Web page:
Paying for college tops the list of financial concerns in a new national survey by Junior Achievement and Citizens Bank.
Forty-seven percent of teens said they’re most concerned about how they’re going to pay for college followed by 45 percent who said they’re worried about not being able to afford to live on their own, paying taxes (43 percent) and finding a fulfilling, well-paying job (40 percent).
“It’s clear that more has to be done to help prepare students for the future — whether it is through helping them navigate paying for college or educating them on how to manage their money by establishing savings and checking accounts,” Brendan Coughlin, president of consumer deposits and lending at Citizens Bank, said.
School lender Sallie Mae released a chart showing how the average family pays for college. It shows parents are relying on financial aid more than ever to help cover the skyrocketing cost of tuition, according to CNBC.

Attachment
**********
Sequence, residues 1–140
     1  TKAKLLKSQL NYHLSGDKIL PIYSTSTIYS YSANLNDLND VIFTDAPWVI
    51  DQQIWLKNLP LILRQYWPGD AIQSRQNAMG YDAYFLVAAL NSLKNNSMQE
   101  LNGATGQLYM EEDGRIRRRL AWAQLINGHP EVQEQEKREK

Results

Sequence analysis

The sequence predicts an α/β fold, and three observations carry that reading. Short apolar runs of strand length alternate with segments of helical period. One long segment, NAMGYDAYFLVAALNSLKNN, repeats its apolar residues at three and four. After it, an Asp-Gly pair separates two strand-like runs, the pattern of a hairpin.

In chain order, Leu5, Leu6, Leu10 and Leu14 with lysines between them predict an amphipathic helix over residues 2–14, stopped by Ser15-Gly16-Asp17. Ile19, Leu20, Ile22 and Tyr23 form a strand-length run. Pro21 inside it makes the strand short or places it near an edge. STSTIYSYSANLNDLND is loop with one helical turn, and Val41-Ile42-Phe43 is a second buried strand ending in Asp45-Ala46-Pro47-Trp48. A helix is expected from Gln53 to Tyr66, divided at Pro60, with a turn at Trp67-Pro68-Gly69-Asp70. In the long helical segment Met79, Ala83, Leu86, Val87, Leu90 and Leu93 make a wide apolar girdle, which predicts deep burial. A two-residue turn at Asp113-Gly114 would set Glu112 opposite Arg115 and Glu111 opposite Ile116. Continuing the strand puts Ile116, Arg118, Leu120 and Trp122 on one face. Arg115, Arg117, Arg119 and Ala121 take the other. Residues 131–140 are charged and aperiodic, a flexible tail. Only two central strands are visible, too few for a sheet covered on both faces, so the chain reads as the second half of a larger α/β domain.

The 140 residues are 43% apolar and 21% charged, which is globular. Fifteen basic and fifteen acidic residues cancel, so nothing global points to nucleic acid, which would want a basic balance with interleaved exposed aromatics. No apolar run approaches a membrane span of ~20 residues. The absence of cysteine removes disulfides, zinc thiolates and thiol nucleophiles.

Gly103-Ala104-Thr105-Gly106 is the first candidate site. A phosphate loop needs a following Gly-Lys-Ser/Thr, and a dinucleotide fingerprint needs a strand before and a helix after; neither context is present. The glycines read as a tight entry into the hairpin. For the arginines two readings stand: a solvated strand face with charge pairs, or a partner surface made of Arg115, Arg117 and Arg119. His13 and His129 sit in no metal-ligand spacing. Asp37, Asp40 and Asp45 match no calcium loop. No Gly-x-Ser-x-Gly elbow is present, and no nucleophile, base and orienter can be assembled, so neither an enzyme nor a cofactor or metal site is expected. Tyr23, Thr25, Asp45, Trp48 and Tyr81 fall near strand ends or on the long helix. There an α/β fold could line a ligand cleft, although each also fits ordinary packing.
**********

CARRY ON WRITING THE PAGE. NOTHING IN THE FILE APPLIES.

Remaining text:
In the 2016-17 school year, 35 percent of college costs were covered by scholarships and grants, the highest in the report’s history, and student borrowing is at an all-time high at 19 percent.
The report shows that for the majority of high school seniors, attaining financial aid is the only way to make college accessible. However, to get aid, families must file a Free Application for Federal Student Aid (FAFSA), which is the application for any kind of federal money, including loans, work-study and grants.
While students filing the FAFSA is up to 70 percent from 45 percent in 1996, there are still students who fail to file by the deadline of June 30. Those who don’t file are forgoing an average of $9,741 in assistance, according to a study published in Research in Higher Education in 2016.
The sooner you file after the application window opens October 1, the better, as funds are awarded first-come, first serve.
For more help in how to file the FAFSA, download PropelU's free ebook, The Ultimate Scholarship Guide.